Determination and Speciation of Trace Elements in Foods
References .............................................................................................................. 192
Food is routinely analyzed for a variety of elements to assess possible nutritional or toxicological implications and to ensure compliance with government regulations or product quality1-3 and to determine authenticity or geographic origin.4 The level of a particular element varies greatly among the large variety of foods but is generally consistent for a particular food product. Element levels that may be considered safe or that ful‘ll a nutrient requirement may also be considered toxic at higher levels.5-8 Many elements routinely monitored in food have not been identi‘ed as nutrients or have not been found to be toxic at the levels normally found in food. The terms listed in Table 8.1 are used to conveniently describe the ranges of element mass fractions of interest in food. Element levels may be evaluated with respect to a speci‘c food or compiled for many foods and used to estimate dietary intakes. Duplicate diet or total diet studies are usually undertaken by national governments or large organizations to estimate intakes and assess the health of the population and safety of the food supply.9 Total-diet studies entail the analysis of a large number of foods selected on the basis of consumption. Duplicate-diet studies are another method for studying element intakes. In such studies, conducted over a relatively short period, a selected population provides a replicate portion size of the foods they consumed that is analyzed for the analytes of interest. These studies are usually designed to assess speci‘c exposure issues.10,11 Limited surveys of food are also performed and usually focus on a speci‘c food12,13 or category (e.g., infant food, dried desserts) collected at retail stores.14 The quality of the planning, collection, preparation, element analysis, and data evaluation determines the value of intake results from total-diet and duplicate-diet studies. Table 8.2 lists the elements most commonly monitored in foods, the usual purpose for their monitoring, and the usual range of interest. Many of these elements can be de‘ned as “metals,” but this term and the term “heavy metals” are discouraged since their meaning is not always understood.15 Many countries routinely monitor the level of elements in their foods,16-23 and compilations of element levels are available for some elements.24,25 The techniques commonly used for determining the levels of elements in foods are listed in Table 8.3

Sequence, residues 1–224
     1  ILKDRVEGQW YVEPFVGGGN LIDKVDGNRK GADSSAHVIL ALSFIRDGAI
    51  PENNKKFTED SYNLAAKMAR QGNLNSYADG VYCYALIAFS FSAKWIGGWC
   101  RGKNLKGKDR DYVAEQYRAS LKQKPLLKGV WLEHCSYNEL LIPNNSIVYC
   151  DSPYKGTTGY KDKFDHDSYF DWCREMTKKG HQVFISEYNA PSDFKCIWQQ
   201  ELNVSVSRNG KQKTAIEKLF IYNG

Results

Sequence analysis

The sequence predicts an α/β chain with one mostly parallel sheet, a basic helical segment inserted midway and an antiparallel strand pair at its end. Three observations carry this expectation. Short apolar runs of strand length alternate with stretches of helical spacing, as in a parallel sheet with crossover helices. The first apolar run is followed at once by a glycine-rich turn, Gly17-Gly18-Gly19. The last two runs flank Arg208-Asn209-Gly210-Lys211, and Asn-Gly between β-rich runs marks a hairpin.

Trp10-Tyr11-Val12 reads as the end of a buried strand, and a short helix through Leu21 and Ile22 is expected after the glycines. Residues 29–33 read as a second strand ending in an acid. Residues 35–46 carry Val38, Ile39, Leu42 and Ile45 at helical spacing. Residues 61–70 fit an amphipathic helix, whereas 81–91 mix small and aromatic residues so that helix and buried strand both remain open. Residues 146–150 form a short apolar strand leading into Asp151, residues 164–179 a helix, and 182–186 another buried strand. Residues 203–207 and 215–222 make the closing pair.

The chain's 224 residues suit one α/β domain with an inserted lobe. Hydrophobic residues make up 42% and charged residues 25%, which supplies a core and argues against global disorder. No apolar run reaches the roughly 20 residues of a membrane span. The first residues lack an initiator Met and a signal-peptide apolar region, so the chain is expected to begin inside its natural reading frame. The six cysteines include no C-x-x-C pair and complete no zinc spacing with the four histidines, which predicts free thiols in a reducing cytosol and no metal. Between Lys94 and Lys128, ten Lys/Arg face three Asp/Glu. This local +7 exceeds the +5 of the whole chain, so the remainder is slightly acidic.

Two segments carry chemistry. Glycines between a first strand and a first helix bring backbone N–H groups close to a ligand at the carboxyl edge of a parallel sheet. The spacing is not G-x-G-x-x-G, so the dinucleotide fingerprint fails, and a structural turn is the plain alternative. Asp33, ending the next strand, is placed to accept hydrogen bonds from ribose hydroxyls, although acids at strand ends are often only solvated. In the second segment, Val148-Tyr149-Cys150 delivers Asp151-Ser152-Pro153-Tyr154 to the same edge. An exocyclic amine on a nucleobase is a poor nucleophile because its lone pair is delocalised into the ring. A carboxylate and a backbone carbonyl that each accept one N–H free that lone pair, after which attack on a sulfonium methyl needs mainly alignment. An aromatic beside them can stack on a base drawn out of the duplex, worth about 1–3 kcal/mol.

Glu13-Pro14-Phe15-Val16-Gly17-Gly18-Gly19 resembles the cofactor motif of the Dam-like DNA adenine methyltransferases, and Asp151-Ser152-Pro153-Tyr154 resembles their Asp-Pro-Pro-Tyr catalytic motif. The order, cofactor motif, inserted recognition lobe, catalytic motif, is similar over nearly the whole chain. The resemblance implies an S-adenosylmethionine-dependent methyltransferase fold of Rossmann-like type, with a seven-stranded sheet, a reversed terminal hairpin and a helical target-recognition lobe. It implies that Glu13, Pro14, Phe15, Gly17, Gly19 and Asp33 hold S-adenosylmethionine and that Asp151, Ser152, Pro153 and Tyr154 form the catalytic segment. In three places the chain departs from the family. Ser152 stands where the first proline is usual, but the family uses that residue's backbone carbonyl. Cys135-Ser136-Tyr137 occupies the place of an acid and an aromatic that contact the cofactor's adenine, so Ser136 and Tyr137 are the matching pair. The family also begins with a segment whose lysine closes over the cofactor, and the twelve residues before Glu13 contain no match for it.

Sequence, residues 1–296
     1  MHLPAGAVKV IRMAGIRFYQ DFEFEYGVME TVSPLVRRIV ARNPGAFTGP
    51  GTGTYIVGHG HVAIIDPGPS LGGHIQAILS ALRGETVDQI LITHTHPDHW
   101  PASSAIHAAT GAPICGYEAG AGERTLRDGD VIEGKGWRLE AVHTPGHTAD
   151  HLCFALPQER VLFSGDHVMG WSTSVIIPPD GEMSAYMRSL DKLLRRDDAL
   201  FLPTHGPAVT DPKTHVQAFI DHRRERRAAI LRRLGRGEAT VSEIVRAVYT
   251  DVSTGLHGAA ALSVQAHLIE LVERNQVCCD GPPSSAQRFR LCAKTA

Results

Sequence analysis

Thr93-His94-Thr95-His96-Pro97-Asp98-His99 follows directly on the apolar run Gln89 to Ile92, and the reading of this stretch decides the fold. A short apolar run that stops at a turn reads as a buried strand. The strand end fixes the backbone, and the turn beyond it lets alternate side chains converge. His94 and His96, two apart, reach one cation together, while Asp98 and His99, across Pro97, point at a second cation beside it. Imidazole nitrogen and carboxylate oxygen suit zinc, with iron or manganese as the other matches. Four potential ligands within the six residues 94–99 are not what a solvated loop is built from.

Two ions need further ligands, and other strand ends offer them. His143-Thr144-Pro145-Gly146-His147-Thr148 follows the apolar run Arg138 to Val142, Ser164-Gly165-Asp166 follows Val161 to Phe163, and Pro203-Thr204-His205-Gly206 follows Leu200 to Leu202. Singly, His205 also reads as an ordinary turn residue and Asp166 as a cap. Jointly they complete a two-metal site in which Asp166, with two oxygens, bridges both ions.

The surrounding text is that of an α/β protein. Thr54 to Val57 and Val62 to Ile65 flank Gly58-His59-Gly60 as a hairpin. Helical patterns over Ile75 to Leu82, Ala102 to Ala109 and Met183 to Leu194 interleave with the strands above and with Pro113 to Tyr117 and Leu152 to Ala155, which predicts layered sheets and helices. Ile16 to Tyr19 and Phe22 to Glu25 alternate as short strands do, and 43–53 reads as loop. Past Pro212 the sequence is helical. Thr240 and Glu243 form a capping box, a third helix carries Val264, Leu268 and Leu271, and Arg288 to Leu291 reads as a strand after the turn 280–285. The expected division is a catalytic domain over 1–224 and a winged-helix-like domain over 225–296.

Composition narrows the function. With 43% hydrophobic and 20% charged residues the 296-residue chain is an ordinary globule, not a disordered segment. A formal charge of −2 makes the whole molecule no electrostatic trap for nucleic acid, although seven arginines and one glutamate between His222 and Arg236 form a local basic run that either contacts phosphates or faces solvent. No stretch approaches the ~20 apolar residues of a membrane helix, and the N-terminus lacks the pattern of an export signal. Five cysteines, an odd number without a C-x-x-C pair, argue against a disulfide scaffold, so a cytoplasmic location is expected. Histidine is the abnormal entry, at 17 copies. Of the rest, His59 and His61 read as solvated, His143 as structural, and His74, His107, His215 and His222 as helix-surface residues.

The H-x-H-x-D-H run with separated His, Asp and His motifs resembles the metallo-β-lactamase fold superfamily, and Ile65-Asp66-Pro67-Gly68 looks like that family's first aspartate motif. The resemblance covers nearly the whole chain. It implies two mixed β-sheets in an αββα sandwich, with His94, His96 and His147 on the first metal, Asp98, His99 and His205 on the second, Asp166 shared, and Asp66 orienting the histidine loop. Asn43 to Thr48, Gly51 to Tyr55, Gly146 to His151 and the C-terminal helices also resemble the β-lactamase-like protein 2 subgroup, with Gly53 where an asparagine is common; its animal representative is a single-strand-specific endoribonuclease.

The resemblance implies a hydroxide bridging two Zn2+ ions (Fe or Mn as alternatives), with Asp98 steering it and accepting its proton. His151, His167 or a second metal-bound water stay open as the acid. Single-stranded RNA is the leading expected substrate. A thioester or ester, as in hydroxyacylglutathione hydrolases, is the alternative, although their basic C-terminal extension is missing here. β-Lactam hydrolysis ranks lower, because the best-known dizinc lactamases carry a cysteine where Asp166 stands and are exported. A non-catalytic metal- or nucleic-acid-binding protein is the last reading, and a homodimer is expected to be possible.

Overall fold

Horwitz26 has presented terminology for sampling and analytical operations that are useful for describing a “sample” through the various stages from collection to
TABLE 8.1 Terms for Mass Fraction Ranges
TABLE 8.2 Elements Commonly Monitored in Food
TABLE 8.3 Primary Determinative Techniques Used for Monitoring Elements in Food
analysis. The sample’s composition must not be adversely affected by contamination, change in moisture, or decay, for example, during the collection, shipping, storage, and preparation for analysis. Therefore, the containers used at each stage must be known not to contaminate the sample with the element(s) of interest or absorb the element from the sample. Hoenig27 has provided general guidance on preventing the problems during preparation of the analytical sample.